ISTANBUL // A book written by a prominent police official that alleges a clandestine power grab by Islamists has created controversy by reflecting the ongoing power struggle between secularists and conservatives in Turkey. Simons Living on the Golden Horn: A State Yesterday, A Religious Community Today, written by Hanefi Avci, sold 60,000 copies in the first six days after it was published, a huge number for a Turkish book.
Opponents of the ruling Justice and Development Party, or AKP, in power since late 2002, have long suspected that Islamists are trying to take over state institutions to weaken or overthrow the secular republic. Now Avci has added his voice to those claims. "It is a struggle between the status quo and change," Ferhat Kentel, a sociologist at Istanbul's Bilgi University, said in an interview yesterday, referring to the social tensions reflected in the book.
A story of a police raid in Ankara is one of many examples Avci uses to illustrate an alleged Islamic power grab. When police in Turkey's capital, Ankara, raided a hotel room in March 2009 after receiving a tip-off that a drugs courier was staying there, they found a married general in bed with his mistress. The general had to resign in disgrace. The way Avci sees it, the raid was much more than just an embarrassing incident for Turkey's military, the powerful secularist institution that is wary of the religiously conservative government.
The aim of the police action was to ensure the resignation of the general, Avci, 54, claims. "It was an operation by the religious community." He argues that followers of Fethullah Gulen, an Islamic preacher living in the United States, have been infiltrating institutions such as the police, judiciary and the armed forces, and have started to destroy the careers and reputations of everyone who stands in their way with the help of illegal wiretappings.
In the past, key posts in the state have traditionally been held by strict secularists, but a rise of a more observant middle class in recent years has meant pious Muslims have risen to important positions, including that of president and prime minister, leaving secularists worried. Avci says they have reason to be. "The scene before me is terrifying," he writes. "It is not correctly chosen men of the state that rule the state."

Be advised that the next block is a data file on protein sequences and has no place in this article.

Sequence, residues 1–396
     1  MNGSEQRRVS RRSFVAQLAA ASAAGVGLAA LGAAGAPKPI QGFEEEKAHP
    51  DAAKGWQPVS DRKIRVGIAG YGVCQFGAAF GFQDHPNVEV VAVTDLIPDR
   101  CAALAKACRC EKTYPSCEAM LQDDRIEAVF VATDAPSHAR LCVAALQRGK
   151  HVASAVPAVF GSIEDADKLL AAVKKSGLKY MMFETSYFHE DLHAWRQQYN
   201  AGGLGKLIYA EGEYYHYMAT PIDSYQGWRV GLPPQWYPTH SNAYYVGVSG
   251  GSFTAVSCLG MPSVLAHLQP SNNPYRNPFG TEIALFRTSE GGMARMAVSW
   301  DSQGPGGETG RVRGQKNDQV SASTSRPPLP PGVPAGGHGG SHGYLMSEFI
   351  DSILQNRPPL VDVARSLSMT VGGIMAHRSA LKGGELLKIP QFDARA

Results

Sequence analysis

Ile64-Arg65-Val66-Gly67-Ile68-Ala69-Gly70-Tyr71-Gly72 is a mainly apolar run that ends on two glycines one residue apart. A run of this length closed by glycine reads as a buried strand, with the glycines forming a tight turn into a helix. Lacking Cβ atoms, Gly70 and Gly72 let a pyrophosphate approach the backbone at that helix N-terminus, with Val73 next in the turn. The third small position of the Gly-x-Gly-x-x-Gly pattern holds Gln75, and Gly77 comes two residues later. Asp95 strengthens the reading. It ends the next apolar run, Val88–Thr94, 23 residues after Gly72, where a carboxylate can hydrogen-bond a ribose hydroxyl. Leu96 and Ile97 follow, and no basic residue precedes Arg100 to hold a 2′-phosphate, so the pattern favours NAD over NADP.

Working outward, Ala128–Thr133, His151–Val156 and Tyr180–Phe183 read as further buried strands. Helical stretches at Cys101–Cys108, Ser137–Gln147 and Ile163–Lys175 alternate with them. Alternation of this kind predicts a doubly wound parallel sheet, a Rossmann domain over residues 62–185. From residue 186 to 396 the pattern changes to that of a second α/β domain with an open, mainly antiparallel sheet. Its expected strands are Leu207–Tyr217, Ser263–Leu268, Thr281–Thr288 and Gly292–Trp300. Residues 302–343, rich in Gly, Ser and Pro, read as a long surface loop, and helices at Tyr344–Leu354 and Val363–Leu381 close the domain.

Avci questions actions by the police and the judiciary against suspected coup plotters in the military in recent years. Critics have accused Avci of failing to provide evidence for his claims. Taraf, an independent newspaper that published several coup plots alleged to have been hatched within the military, said Avci may have written the book because he was frustrated after he failed to be promoted.
Mr Kentel, the sociologist, said Avci may be trying to increase the "no votes" in a referendum on September 12 on wide-ranging constitutional amendments. Avci himself writes that he decided to go public because his warnings of the Gulen sect fell on deaf ears in Ankara. Mr Gulen, whose teachings stress the need to reconcile Islam with the modern world, founded hundreds of schools in Turkey as well as in South and Central Asia. Several respected Turkish media outlets also belong to the Gulen movement.
In 1999, a Turkish television channel broadcast one of Mr Gulen's speeches, in which he tells his followers to patiently work their way through state institutions in Turkey to reach the highest levels of the republic. A prosecutor charged him with "creating an illegal organisation aimed at changing the secular structure of the state". Mr Gulen fled to the United States. Turkey's court of appeals cleared him of the accusations two years ago.
In a statement published by his lawyers in Turkey, Mr Gulen denied the allegations by Avci and referred to the not-guilty verdict. This week, Avci, rightly assuming that the government would not like his book, asked to be relieved of his post as police chief of the province of Eskisehir, a request that was granted within hours. The interior ministry has opened an investigation against him for a suspected breach of rules governing the behaviour of civil servants.